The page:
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Bring on those .XXX internet domains

By Nathan Tabor
web posted July 11, 2005

Bob Parsons is an interesting, entrepreneurial kind of a guy. He got in on the front end of the technology curve in the early 1990s when Parsons Technology made a name for itself in evangelical circles by being among the first to market Bible software. His QuickVerse software brought the Scriptures to Christian computer users' fingertips.

GoDaddy.com's infamous Super Bowl commercialParsons has more recently made an even bigger name for himself in secular circles by creating a racy TV ad that ran nationwide during the 2005 Superbowl. That spoofish spot featured a buxom brunette who was allegedly testifying before a Congressional committee on censorship, while her bra strap supposedly kept slipping down and threatening to expose her ample bosom. Fox and the NFL then spiked the second-half airing of the ad – which sparked an even bigger flurry of media attention.

When criticized by Christians for hypocrisy, Parsons fought back. "To this day I consider myself a Christian," he insisted. "But I am not a fundamentalist Christian. I am also not a member of the Religious Right. I am not opposed in any way to these groups. I am just not part of them. My beliefs today are exactly what they were back when I owned Parsons Technology. I'm still the same guy."

Well, you have to give him credit for being up front about what he believes. He told Paul Capelli, an ad agency executive: "I would love to have a beautiful woman with a nice ample chest with my name across her shirt." Apparently, for Parsons the bottom line is bucks, whether it's produced by Bibles or boobs.

Bob ParsonsBut that isn't all. Parsons, who is now the sole owner of another highly successful company called GoDaddy.com, also sells Internet domain names. This has been a very lucrative enterprise for Parsons, and it's about to become even more so, with the advent of the new .XXX domains for pornographic websites. It should come as no surprise that Parsons is pushing the .XXX domain monikers big time.

Parsons applauds the fact that ICANN, a quasi-governmental agency that oversees the naming and numbering system used to identify Internet sites, has recently approved the .XXX domain. Their move effectively creates a "red light district for the Internet," with the adult domains likely being available for purchase by year's end.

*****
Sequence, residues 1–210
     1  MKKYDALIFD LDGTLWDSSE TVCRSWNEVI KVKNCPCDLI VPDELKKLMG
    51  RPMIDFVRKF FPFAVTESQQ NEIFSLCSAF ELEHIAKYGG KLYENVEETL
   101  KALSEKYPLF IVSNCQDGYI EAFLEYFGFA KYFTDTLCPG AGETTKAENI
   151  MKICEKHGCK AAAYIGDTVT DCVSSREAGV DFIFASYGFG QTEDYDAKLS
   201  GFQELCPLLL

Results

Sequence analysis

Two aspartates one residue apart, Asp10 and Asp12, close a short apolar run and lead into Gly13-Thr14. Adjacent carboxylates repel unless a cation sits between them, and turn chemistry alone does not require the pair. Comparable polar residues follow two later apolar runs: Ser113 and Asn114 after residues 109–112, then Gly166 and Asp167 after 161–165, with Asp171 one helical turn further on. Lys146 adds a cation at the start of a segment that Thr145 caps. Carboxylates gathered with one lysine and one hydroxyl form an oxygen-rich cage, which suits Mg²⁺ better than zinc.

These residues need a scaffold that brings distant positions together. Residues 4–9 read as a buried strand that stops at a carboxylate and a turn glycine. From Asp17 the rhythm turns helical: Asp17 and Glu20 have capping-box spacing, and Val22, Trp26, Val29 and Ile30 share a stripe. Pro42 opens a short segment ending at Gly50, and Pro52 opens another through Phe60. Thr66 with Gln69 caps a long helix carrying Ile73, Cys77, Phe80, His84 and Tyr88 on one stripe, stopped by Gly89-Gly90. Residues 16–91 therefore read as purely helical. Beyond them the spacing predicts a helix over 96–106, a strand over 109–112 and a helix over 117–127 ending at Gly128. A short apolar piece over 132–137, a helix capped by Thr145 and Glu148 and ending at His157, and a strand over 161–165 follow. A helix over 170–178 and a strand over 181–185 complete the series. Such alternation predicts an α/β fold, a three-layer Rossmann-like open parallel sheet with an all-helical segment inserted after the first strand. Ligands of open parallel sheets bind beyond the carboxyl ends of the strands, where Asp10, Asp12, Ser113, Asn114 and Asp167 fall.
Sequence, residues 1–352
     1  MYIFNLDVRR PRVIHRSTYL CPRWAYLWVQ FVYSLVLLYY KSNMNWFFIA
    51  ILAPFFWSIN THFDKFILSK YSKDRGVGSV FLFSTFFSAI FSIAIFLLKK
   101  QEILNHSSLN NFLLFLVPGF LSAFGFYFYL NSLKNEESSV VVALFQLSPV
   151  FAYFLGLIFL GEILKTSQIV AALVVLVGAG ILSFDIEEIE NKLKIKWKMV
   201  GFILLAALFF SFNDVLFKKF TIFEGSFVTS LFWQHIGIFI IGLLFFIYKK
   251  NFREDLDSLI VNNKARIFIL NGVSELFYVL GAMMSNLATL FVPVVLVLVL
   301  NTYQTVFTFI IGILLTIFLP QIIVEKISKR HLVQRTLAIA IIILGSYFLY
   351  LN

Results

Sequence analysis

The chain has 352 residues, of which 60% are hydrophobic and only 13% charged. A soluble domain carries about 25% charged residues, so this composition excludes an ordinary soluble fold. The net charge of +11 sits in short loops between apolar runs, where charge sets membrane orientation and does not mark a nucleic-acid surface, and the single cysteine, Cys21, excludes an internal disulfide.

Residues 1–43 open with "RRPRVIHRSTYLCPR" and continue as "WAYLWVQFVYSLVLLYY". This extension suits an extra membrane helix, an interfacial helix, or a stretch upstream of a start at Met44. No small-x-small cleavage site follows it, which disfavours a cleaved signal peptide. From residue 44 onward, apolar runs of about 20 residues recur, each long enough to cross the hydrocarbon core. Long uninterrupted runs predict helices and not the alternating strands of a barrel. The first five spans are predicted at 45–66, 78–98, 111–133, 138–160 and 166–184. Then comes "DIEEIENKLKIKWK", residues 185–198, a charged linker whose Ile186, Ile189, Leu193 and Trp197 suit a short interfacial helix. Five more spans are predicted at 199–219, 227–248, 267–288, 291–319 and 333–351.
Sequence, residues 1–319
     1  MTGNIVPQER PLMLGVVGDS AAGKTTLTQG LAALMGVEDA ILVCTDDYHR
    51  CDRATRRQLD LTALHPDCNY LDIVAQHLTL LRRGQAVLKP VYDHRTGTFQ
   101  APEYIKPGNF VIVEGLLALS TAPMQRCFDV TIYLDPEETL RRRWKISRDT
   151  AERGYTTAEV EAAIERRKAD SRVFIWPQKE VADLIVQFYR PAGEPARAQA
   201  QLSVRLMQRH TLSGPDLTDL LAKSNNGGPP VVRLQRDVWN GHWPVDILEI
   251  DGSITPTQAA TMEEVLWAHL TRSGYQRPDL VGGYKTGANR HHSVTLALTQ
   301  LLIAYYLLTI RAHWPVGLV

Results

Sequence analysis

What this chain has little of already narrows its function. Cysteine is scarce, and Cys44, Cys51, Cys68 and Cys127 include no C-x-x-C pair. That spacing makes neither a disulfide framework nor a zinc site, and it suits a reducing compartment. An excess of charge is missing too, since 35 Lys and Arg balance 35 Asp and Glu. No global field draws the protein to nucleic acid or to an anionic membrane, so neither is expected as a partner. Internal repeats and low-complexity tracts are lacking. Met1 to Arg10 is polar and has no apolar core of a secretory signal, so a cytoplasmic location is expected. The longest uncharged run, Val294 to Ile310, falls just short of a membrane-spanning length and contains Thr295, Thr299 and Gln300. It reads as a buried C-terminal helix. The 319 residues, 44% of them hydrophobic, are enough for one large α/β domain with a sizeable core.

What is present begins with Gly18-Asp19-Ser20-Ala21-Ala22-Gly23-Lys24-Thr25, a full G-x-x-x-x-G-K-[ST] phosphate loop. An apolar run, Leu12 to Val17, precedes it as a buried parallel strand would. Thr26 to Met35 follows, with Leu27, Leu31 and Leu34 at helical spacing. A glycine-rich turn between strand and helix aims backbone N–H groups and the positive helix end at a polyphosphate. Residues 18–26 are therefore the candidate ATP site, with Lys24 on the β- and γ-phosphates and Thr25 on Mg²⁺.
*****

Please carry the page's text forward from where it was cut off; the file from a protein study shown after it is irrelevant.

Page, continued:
"I personally believe that out of all the new top level domains being approved, .XXX is one that makes a great deal of sense and will serve a useful purpose," Parsons said.

He then described how it would work: ".XXX will operate much like .COM does now – meaning it will be a domain name people can type into their browsers to take them to a website – but similar to the way .GOV is reserved for governmental organizations, .XXX will be reserved for pornographic or adult content websites."

Understandably, many Conservative and religious groups oppose the new Internet pornography neighborhood. The Family Research Council, for example, released the following statement immediately after ICANN approved the .XXX extension:

"The new domain would do more harm than good," said Patrick Trueman, FRC's
senior legal counsel and former chief of the U.S. Department of Justice's Child Exploitation and Obscenity Section. "The .COM domain has been a cash cow for the porn industry and pornographers will not give it up and remove themselves to the .XXX domain. Instead, they will populate the .XXX domain and perhaps double the number of porn sites available on the Web."

It may surprise some people, but I agree with Parsons on this one. And I would go even further. I am a Conservative who believes that we should both welcome and fight for the .XXX domain designations.

What? Yes, you heard me right. Now hear me out.

I believe we should use the tactics of the Liberals – who always love to tax and regulate everything – and make all porn sites drop their current .COM domains and go to the .XXX url exclusively.

Forcing the porn peddlers to identify themselves will cut down drastically on families' being bombarded with smut e-mail and accidentally entering the wrong website. Parents could then block all the spam e-mail, and unsuspecting web surfers would know before visiting whitehouse.com that they weren't going to see government in action but rather some salacious smut.

Smut magazines are banned to the back of store counters now. Strip clubs are regulated and closely monitored for compliance. So why not regulate porn websites also?

I know: they will just continue to operate. Well, not if you severely penalize the hosting companies who don't shut down porn sites that aren't abiding by the law.

"It's going to take a while for .XXX to really work," Parsons says. "I suspect that it will take some sort of government intervention to require adult sites to use only .XXX extensions. It's anybody's guess when and if the government will take such action here."

While I don't condone his actions or his motives, I tend to suspect that Parsons' professional analysis is right on target.

Nathan Tabor is a conservative political activist based in Kernersville, North Carolina. He has his BA in Psychology and his Master's Degree in Public Policy. He is a contributing editor at www.theconservativevoice.com. Contact him at nathan@nathantabor.com. Copyright © 2005 by Nathan Tabor


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